An Environmentally Friendly Method for Controlling Biomass in Bio trickling Filters for Air Pollution Control
Biomass accumulation is a major obstacle for long-term, stable operation of biotrickling filters treating high loadings of volatile organic compounds (VOCs). Clogging reduces pollutant removal and increases the pressure drop in biotrickling filters. Several options exist to remove excess biomass or to slow down the accumulation rate, but so far none has succeeded in combining a high VOC removal rate with a low biomass net growth rate. Recently, we observed the invasion of some of our biotrickling filters by small flies. In the best cases, a rapid reduction of the biomass content was observed. The fly larvae rapidly spread throughout the reactor and biomass was rapidly removed from the packing, initially at a rate of 13.1 kg wet weight/m3.day and increasing up to 70-140 kg/m3 of reactor day. In that case, the wet biomass content in the reactor was reduced from 455 to 28 kg/m3 of reactor in 16 days with 80% of the biomass reduction occurring in 2-4 days. Analysis of the recycle liquid indicated that the major mechanism of biomass removal was detachment of biofilm, although experiments are underway to determine the exact proportion of biofilm detachment and consumption by larvae. We speculate that larval activity loosened the biofilm structure, thus enhancing biofilm detachment by shear-stress from the trickling liquid. Overall, the preliminary results presented herein highlight that the use of fly or other larvae presents a tremendous potential for controlling biomass in biotrickling filters.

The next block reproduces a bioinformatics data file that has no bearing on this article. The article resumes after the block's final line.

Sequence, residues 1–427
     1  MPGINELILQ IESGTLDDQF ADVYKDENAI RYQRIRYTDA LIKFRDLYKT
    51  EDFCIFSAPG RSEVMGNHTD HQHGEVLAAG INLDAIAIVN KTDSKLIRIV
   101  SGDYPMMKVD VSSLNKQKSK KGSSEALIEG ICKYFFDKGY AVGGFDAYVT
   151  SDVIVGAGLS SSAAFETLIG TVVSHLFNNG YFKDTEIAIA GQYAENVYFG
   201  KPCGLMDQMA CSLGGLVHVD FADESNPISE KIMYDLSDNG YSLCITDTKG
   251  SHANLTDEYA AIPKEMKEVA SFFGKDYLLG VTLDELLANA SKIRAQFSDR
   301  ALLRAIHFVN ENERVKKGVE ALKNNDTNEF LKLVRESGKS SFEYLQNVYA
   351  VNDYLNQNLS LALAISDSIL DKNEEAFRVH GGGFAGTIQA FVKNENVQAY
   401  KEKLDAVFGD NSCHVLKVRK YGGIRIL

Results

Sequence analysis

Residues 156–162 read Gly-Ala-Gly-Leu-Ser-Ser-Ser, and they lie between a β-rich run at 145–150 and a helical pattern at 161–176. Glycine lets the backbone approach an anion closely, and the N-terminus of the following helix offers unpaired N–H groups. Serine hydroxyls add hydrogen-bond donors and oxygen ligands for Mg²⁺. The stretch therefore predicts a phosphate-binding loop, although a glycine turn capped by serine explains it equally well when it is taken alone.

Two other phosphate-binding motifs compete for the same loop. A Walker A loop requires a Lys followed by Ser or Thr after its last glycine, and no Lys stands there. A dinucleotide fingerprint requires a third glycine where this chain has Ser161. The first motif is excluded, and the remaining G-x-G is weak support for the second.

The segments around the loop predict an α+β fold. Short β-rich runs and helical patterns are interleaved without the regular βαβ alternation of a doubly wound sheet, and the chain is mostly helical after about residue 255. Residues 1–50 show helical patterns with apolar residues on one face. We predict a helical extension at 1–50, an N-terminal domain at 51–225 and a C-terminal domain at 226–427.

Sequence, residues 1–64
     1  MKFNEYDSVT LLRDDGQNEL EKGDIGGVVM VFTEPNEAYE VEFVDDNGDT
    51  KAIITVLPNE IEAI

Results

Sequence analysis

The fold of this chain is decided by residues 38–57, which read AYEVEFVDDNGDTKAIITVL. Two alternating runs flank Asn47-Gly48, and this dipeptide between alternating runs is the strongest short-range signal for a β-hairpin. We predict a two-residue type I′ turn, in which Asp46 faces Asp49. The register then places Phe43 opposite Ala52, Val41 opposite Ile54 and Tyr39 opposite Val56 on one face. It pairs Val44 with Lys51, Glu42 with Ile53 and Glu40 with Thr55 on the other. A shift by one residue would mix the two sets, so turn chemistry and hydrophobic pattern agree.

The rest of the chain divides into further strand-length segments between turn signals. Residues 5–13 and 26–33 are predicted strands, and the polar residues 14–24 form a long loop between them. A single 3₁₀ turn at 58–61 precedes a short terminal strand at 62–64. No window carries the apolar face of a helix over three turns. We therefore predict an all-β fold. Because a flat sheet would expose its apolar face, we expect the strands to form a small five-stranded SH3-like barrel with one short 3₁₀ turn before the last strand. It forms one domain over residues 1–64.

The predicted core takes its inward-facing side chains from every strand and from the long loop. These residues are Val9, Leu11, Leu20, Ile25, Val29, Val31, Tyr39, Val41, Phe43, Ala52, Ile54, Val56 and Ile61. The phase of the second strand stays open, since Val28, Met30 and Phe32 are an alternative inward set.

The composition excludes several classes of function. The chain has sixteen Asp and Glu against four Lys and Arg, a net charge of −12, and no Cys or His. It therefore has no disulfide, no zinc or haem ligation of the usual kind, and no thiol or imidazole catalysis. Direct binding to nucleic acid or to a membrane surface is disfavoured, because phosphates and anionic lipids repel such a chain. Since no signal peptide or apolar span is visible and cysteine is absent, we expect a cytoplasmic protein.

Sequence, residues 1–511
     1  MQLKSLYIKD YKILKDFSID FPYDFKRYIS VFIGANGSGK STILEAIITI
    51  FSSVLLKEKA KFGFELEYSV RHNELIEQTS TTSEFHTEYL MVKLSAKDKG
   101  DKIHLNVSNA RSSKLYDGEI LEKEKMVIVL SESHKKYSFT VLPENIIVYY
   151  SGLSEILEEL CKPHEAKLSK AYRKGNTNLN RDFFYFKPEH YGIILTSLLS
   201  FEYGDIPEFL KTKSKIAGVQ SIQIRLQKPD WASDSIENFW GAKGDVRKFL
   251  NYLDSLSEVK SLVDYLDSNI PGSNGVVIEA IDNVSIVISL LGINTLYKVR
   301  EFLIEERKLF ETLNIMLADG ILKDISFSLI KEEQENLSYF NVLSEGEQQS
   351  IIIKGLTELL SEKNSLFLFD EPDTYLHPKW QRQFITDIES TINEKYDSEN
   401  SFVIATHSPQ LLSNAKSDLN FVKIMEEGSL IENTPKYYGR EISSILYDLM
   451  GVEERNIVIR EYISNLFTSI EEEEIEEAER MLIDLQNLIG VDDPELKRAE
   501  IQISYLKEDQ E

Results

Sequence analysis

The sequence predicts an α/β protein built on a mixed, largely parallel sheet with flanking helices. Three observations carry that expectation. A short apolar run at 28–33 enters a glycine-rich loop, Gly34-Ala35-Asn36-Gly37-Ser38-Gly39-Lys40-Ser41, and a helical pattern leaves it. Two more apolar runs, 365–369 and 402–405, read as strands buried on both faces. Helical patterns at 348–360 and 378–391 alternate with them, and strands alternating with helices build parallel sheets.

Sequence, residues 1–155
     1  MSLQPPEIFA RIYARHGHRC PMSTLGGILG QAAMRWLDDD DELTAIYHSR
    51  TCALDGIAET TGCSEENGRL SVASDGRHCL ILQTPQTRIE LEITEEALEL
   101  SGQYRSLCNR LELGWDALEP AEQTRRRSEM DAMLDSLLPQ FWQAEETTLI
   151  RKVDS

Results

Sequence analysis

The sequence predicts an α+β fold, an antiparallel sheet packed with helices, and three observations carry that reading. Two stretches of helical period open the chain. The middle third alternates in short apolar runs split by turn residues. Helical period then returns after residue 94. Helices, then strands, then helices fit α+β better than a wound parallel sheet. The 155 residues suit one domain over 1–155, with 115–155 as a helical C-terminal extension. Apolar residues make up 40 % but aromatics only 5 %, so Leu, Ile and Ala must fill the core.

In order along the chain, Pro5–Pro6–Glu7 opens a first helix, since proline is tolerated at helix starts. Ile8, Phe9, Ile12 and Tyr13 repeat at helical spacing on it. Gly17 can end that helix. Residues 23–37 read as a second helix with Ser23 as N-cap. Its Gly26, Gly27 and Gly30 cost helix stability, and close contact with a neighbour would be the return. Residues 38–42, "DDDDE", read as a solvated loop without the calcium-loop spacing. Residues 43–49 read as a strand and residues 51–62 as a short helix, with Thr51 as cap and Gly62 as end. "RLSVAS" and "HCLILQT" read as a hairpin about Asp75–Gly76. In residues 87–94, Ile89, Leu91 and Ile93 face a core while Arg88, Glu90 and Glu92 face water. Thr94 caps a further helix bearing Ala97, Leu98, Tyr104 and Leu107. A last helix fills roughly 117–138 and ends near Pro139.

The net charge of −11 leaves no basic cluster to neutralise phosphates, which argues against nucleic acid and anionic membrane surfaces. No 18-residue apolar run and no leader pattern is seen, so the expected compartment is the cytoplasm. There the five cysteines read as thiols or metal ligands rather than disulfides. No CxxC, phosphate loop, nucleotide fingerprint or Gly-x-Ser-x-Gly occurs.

Won, YS; Lee, TJ; Wu, YPG; Deshusses, MA
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